A marketer’s role in category design
Gonzalez also believes that if you are a marketer and think like a category designer, you'll do better than other marketers. But for marketers to think like a category designer requires them to unlearn a lot of what they have learned about how to do marketing. Much of what we learn as marketers is product marketing - it's all about the product. Even content marketing winds up leading us back to the product.
But instead of focusing on the product, category design requires you to focus on what problem the product or service solves and what your point of view about that problem is compelling enough to convince someone you are the answer to their problems.
I think the best marketers are shifting to this mindset. The idea is that we need to understand our customers intimately and speak to their challenges and opportunities. To find ways to help them and share content that supports them but doesn't always point to the product is happening today. And companies are creating the role of chief evangelist to help them do this kind of work. But there's still a lot of product marketing happening as well.
Gonzalez suggests that we need to rethink marketing. From the outside, it can look the same, but if you look at the top of the fold of a website, you can see the difference. For a category designer, you see the problem highlighted, which speaks to the person, their context, and the problem. That's very different from a "me-to" website that is all about the product and the story that they are "bigger, better, faster, cheaper, different."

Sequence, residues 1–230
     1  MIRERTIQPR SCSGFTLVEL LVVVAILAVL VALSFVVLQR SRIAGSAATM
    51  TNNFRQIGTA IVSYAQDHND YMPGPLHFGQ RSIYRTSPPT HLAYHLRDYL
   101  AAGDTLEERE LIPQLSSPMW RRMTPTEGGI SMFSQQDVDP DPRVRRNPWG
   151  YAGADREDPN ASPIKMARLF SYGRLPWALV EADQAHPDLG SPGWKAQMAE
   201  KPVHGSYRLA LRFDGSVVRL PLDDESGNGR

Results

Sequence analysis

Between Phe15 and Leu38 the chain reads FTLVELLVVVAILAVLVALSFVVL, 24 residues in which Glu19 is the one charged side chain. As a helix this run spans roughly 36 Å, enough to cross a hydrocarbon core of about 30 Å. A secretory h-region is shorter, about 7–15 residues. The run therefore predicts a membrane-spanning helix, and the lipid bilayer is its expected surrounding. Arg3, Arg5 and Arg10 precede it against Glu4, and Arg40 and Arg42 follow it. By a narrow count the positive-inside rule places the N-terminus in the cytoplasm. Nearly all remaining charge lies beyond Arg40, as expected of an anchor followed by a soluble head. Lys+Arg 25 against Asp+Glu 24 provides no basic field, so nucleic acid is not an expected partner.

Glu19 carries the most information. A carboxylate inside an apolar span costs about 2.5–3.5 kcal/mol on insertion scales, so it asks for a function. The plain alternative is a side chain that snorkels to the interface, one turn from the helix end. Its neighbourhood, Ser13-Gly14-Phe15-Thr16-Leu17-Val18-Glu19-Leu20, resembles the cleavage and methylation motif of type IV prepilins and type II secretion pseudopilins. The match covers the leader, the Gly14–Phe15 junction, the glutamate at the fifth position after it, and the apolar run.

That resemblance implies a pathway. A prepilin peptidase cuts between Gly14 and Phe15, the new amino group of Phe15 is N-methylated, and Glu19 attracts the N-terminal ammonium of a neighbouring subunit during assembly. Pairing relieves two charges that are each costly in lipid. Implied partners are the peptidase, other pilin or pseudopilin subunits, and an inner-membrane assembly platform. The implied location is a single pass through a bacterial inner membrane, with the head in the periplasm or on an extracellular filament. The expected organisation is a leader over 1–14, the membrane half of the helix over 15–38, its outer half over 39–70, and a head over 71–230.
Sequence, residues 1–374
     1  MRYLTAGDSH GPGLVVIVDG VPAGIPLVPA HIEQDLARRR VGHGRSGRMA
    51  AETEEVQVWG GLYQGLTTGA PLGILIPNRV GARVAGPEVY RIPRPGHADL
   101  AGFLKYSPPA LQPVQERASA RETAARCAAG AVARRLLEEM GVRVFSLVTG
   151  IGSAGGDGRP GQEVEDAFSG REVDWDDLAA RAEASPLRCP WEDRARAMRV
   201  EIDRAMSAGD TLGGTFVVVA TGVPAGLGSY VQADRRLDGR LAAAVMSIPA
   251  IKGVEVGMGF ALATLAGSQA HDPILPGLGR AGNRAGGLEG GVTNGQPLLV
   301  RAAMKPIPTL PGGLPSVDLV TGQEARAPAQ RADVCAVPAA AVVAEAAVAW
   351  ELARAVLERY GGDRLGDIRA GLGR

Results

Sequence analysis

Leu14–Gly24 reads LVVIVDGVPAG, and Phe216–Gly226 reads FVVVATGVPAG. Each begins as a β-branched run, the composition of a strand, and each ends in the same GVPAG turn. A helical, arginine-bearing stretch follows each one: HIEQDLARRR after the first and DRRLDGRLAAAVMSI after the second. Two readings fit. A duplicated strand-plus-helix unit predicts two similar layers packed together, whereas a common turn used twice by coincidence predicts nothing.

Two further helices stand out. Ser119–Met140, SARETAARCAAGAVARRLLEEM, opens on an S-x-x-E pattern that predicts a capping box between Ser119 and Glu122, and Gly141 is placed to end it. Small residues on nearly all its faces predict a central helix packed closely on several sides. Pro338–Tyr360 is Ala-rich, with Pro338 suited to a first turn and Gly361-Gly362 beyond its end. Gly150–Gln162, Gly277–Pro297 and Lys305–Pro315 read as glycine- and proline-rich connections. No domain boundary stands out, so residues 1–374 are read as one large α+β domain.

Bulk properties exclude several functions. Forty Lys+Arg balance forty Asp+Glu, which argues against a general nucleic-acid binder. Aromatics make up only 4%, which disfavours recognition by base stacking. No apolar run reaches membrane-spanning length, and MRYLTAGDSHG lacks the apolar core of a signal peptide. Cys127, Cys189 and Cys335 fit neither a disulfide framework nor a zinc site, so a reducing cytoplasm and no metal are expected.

That's just the website. You need to have a different focus across all marketing. Communities and a chief evangelist are two things you can incorporate into your marketing to ensure you have that perspective.
How to think like a category designer
According to Gonzalez, a category designer is always looking for new contexts. The Category Design Advisors, including Kevin Maney (co-author of Play Bigger), Mike Damphousse, and John Rougeux, say that a category is "context + missing + innovation." Gonzalez explains this as:
When there's a next context out there, there will always be something missing that will allow for an innovation (solving a problem in a new way).
Successful category design is all about having a point of view - how you see the category. It starts with naming a problem that people see and feel, identifying the solution, and explaining why your company is uniquely qualified to be that solution. Gonzalez concludes that people have to see themselves as suffering from that problem. If you nail it and people agree with you, they are open to the big idea and you as the solution.
Gonzalez and I talked a lot more about category design (you can listen to the full episode here), but I've tried to hit some key ideas around category design. Some people believe you can only create a category with massive reach and a lot of money, but it's not true. Category design doesn't have to be complex or expensive, but it does require that you have a clear point of view and that you find the people who truly identify with the problem (these are your super-consumers) and the solution you offer.
That's not easy. And although it's not a marketing problem, marketing will play an important role because they are the team that spends the most time sharing that POV and trying to reach the right people. But everyone in the company needs to be on board and understand that POV and how to share it. Otherwise, you'll have Sales reps playing the comparison game and media and analysts wanting to bucket you with known categories.
Category design fascinates me because it makes us think differently. It gets us out of our little boxes and requires us to pay more attention to the people we want to create solutions for. We're moving in the right direction; the key is to keep moving and thinking differently.